Grandmother Tree
The Grandmother Tree is a live oak estimated to be between 800 and 1100 years old.  The live oak 
(Quercus virginiana) is the principal evergreen oak in south Carolina.  Although it is adapted to all of 
South Carolina, it favors conditions along the coast, where it grows wild.  Grandmother provides 
food, shade and comfort to a multitude of creatures.

Wilderness Swamp Sanctuary
Swamps are characterized by rich biodiveristy and specialized organisms.  They feature trees such as 
the Bald Cypress and Water Tupelo which are adapted to growing in standing water.  Bald Cypress
trees have 'knees' that grow from their roots and stick up out of the water.  Animals like white-tailed
deer, raccoons, anhingas, pileated woodpeckers, egrets, herons, alligators, fros, turtles and snakes are
often found in South Carolina swamps.

Labyrinths help the user achieve a contemplative state.  By walking among the turnings, the user 
loses track of direction and quiets the mind.  The result is a relaxed mental attitude, free of internal 
dialog.  This is a form of meditation.

Lourdes Grotto
In 1858, a 14-year-old girl, Bernadette Soubirous claimed a beautiful lady appeared to her in the 
remote Grotto of Massabielle in France.  The lady later identified herself to Bernadette as the
'Immaculate Conception' and millions believe her to be the blessed Virgin Mary.  This miracle 
is depicted in statuary at the Grotto site.

Springbank Cemetery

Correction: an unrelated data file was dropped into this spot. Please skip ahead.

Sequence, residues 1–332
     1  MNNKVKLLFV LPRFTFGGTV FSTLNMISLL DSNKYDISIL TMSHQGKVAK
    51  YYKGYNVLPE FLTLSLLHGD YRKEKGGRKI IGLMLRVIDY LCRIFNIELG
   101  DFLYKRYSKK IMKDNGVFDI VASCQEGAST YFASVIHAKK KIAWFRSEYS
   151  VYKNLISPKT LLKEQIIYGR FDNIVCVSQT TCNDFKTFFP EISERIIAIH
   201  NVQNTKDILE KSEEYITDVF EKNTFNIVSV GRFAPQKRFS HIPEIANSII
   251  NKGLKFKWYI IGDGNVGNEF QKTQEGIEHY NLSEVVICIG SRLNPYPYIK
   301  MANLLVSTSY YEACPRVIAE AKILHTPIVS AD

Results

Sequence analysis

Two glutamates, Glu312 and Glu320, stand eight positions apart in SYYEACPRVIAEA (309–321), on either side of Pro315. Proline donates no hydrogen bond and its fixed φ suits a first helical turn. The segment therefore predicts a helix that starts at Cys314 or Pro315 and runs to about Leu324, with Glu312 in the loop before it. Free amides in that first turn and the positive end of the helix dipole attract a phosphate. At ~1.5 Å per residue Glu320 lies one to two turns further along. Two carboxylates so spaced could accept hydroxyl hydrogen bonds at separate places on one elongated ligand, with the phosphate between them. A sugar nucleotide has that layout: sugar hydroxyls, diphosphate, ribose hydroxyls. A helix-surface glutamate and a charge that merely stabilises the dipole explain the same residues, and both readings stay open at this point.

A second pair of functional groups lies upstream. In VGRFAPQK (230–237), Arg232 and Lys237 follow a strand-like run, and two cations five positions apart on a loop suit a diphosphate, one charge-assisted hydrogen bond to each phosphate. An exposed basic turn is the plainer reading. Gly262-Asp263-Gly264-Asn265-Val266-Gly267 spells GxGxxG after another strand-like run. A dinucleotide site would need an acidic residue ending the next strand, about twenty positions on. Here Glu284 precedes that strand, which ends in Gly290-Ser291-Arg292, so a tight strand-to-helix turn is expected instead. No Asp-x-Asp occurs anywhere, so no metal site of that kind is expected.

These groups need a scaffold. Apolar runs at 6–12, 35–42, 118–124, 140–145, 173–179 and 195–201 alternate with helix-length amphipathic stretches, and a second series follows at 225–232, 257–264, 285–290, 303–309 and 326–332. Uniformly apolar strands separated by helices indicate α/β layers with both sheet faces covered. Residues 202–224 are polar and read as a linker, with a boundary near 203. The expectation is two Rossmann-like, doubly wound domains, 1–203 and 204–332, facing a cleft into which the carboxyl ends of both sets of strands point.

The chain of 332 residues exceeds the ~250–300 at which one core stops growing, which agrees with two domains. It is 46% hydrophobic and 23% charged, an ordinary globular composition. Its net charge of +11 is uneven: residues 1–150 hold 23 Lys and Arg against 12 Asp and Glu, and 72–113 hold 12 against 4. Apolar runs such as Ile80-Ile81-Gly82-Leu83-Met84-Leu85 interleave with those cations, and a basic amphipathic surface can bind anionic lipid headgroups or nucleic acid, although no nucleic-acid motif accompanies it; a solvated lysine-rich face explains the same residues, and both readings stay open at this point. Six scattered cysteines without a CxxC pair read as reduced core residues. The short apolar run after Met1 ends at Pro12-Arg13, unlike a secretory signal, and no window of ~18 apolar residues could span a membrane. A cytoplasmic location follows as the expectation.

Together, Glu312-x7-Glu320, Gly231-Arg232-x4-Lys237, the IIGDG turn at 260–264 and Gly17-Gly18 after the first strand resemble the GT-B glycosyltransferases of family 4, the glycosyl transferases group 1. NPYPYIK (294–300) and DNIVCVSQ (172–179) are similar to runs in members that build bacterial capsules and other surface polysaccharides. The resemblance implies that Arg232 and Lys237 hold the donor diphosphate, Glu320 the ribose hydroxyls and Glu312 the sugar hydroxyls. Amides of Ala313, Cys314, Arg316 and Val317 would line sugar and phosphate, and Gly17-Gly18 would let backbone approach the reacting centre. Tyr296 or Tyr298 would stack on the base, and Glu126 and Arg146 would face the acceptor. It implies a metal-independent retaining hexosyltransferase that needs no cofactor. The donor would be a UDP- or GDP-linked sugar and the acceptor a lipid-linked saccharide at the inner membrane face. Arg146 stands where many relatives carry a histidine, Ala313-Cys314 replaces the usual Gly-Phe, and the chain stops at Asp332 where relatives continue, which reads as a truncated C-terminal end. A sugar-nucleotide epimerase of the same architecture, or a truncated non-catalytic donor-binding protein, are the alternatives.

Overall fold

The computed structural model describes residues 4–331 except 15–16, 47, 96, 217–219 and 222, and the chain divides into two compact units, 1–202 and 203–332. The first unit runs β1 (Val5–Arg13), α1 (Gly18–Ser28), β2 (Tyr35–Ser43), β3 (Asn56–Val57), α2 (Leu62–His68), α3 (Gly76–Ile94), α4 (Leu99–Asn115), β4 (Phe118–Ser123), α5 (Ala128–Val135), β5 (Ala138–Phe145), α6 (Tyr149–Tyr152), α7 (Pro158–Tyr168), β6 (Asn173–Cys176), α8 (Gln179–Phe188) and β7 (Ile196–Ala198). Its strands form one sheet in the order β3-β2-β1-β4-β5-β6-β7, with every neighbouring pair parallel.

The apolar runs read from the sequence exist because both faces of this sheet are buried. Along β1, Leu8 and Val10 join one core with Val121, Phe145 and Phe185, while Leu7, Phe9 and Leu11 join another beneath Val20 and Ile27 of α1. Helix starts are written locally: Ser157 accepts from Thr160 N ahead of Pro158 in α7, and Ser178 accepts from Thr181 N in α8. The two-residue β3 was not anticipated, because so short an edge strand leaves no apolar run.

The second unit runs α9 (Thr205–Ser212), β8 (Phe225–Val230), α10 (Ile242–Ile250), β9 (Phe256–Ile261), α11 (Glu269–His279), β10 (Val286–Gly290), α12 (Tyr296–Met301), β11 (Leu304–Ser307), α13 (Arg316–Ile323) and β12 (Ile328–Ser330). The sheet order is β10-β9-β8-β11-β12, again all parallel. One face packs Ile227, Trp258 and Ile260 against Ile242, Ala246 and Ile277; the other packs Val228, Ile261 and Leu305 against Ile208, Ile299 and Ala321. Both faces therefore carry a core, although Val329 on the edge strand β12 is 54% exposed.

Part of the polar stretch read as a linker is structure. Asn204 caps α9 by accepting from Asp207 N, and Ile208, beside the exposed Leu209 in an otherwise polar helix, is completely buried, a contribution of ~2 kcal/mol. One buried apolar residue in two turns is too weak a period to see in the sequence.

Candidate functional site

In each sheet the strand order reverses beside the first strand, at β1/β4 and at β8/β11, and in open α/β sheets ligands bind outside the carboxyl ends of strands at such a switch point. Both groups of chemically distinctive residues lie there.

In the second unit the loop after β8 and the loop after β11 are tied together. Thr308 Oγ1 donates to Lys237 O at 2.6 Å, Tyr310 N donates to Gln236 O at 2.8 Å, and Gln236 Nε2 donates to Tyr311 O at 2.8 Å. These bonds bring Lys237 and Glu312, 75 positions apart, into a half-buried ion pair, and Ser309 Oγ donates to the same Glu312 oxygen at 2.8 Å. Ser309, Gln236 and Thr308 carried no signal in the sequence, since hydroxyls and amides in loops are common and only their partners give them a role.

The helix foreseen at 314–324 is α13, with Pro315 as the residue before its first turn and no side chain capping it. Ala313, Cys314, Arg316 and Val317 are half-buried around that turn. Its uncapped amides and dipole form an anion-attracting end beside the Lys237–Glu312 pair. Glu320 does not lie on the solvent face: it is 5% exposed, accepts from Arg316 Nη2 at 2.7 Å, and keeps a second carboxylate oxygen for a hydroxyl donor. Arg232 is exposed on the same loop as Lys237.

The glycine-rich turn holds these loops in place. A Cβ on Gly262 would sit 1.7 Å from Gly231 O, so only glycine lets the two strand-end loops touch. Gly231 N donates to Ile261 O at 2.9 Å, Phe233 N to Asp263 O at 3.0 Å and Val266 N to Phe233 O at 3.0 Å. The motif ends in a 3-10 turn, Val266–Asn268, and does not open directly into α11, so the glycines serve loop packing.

Although it was known that there were several marked gravesites along a rise near the swamp area 
of Springbank, recently more than fifty unmarked sites were discovered.  It is believed that the graves
belong to African American slaves, workers and family members from the 18th and 19th centuries 
who lived on the original plantation.  the staff and friends of Springbank continue to work to restore
the site to a place of special remembrance.

Medicine Wheel
From the ancient Egyptians to Stonehenge to Big Horn Country, WY, medicine wheels have been 
used by indigenous people to contemplate the nature of life. To Native Americans the wheel 
represents the 'sacred hoop' or circle of all life.  Study of the Wheel can provide answers to the 
nature of life and relationships to all of Creation.

Celtic Tree and Circle of Trees
To the Celts, the tree was a source of basic sustenance - a bearer of food, a provider of shelter and 
fuel for cooking and warmth.  Without trees, life would have been extraordinarily difficult.  In Celtic 
creation stories, trees were the ancestors of humankind, elder beings of wisdom.  Sue Monk Kidd 
makes reference to this 'Circle of Trees' in her book Dance of the Dissident Daughter.

  Seven Sacred Sites

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